Then came the day of the move. The prisoners were put on a train and given boxed meals. Their train was eventually shunted into a siding and they slept on board all night.

"Good breakfast - boxed. Remained siding all day. Lunch same. While washing in an empty carriage, half the train was shunted away. Four of us were left behind. Chased the other train and caught it just in time. Guards very good, regarded it as a joke!!!!!!.

"Travelled all night intermittent stopping and starting. Going to a coal mining camp? Country very green and well cultivated - mostly grain, fruit and vegetables. Arrived coal mining town [Nagasaki] and proceeded to camp."

Tom said their billets were exceptionally good with 25 men to a room and plenty of coal for hot baths. He described the daily routine:

"First meal cooked by Nip women - not too bad. Roll call 8.30pm lights out 9pm. Good soft mats with five blankets. Reveille to be at 7am."

On May 13 he wrote that flares had been dropped from aircraft during the night and reveille had been at 6.30am owing to a dawn raid. They had received a speech from the camp commandant and had the works manager introduced to them.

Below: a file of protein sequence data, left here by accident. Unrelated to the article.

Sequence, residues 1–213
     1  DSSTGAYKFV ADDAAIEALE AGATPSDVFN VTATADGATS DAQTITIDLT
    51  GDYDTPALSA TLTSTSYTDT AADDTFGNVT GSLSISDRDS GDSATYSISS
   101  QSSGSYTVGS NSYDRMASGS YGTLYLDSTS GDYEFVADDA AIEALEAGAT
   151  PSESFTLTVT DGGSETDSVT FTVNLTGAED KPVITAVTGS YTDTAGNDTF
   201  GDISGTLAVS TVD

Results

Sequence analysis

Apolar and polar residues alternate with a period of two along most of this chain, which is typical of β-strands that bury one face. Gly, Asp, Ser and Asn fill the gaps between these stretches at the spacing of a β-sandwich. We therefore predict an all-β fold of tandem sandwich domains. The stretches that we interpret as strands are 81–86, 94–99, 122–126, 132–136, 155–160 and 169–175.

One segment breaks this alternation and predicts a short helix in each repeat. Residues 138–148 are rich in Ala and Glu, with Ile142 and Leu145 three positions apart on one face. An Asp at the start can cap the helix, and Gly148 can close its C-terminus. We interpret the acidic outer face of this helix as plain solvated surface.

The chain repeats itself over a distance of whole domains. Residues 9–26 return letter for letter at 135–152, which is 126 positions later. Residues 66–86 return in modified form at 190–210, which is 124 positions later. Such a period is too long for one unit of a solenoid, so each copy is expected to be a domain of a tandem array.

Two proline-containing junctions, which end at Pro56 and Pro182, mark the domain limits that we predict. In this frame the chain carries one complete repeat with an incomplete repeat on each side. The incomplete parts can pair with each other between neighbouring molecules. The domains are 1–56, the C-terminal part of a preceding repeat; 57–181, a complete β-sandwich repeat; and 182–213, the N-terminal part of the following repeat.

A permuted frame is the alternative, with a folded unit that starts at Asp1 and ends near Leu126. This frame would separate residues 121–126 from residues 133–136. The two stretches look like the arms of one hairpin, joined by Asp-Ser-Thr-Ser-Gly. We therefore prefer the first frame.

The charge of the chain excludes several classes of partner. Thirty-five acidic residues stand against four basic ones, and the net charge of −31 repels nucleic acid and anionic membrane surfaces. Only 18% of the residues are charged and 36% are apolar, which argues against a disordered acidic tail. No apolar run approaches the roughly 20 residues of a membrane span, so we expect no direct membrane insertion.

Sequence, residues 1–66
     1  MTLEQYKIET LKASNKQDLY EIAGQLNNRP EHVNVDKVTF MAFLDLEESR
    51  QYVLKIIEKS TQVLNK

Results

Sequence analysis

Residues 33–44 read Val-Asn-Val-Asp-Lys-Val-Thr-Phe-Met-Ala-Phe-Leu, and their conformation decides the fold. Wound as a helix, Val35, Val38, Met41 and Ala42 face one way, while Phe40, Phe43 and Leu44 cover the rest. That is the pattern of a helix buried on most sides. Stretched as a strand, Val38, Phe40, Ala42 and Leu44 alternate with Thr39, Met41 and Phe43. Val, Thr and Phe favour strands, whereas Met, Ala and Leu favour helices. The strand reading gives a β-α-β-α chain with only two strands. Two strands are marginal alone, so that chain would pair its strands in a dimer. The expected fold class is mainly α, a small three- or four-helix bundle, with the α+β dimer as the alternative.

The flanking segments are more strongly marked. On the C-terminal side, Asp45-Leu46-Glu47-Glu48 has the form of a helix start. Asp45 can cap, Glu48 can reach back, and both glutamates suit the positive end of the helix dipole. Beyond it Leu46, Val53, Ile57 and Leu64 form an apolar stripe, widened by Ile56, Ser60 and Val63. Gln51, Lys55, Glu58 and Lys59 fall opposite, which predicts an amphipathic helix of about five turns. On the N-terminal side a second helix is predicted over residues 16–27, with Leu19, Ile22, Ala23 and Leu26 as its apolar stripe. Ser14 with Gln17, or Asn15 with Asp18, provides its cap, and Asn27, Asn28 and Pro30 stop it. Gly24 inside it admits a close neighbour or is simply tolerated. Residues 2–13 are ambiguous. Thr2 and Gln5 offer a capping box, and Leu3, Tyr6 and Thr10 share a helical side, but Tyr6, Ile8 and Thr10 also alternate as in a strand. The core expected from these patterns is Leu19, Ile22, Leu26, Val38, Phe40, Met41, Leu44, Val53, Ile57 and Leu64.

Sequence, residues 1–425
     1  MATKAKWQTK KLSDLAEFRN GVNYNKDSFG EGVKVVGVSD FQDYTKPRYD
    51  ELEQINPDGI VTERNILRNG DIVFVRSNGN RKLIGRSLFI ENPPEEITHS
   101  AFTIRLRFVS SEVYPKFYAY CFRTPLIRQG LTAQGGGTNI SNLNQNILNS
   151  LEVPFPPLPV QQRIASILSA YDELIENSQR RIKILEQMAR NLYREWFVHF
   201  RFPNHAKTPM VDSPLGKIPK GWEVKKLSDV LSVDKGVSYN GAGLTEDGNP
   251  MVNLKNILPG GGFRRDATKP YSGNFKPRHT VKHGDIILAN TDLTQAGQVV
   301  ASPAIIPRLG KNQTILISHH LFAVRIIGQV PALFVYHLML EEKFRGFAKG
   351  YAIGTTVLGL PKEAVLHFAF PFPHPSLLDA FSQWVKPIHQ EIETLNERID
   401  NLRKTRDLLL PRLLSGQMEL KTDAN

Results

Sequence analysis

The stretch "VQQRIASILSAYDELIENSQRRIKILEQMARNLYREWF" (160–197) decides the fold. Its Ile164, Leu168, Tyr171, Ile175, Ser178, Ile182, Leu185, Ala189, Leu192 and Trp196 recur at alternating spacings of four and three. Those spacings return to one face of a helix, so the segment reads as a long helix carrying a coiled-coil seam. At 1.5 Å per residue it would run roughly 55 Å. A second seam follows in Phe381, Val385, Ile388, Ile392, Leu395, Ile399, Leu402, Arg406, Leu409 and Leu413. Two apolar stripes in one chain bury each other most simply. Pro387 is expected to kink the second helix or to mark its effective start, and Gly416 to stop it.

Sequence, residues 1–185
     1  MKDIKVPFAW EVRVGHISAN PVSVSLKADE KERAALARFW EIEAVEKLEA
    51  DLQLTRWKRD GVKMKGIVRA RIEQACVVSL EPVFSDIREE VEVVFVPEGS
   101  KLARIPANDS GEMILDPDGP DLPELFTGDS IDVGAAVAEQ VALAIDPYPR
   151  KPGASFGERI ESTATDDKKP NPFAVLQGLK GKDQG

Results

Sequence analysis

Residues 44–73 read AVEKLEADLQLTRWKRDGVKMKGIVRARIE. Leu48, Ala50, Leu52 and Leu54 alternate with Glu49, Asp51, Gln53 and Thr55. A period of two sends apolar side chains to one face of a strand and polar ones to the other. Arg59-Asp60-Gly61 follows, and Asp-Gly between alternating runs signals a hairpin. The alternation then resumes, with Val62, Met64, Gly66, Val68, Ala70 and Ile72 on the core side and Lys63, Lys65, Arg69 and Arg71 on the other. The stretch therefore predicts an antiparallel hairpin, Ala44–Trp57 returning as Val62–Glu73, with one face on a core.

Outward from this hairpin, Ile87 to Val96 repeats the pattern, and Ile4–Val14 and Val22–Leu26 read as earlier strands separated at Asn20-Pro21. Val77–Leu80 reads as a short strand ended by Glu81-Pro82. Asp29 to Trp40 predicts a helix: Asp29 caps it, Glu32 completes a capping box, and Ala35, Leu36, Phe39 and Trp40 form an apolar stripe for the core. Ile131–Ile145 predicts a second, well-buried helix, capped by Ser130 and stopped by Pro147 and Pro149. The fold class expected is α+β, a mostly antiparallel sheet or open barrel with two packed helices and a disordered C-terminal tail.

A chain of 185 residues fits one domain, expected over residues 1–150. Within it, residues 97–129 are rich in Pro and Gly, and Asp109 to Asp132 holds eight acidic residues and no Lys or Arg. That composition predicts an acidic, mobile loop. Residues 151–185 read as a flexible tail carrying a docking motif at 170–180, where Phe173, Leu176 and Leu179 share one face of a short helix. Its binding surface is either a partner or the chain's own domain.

That evening they were allowed to buy one cigarette each but there had been sirens all day with raiders passing over head. One bright moment came with the visit of the Red Cross who arrived in the camp at tea time.

"Food parcels??? If so - 140 or 210 parcels. 200 men in this camp."

Food was a constant problem with rations being reduced. The American prisoners found a way to supplement their meagre supplies.

"The Americans in this camp are eating frogs and snakes which are common here. The Aussies can still grin - they don't eat frogs or snakes YET!!. Roll on Uncle Sam."

The next day, 31 May, things had changed.

"Several men collapsed today. The boys got five snakes and some frogs and about a dozen pounds of spuds. The spuds were beautiful but I couldn't tackle the snake or frogs. The end of an interesting but hungry month."

The prisoners were starved of news as well as food and had only rumours to go on. Their one great wish was to be freed from captivity and to return home to their families. One 1 June Tom wrote:

"Something must happen this month. Roll on Uncle Sam."

But work went on both on the roads and at the coal mine.

"Started work at the coal mine. Working on the surface all day, hard at it. Animal bosses. About two miles to walk each way to work. Too tired to even read tonight."

Next day reveille was at 5am.

"Long day. Never any news. Three holidays a month. Light grub. Blast the bastards."

And the following day:

"Perhaps the hardest day's work of my life. Everybody exhausted. Impossible to carry on much longer."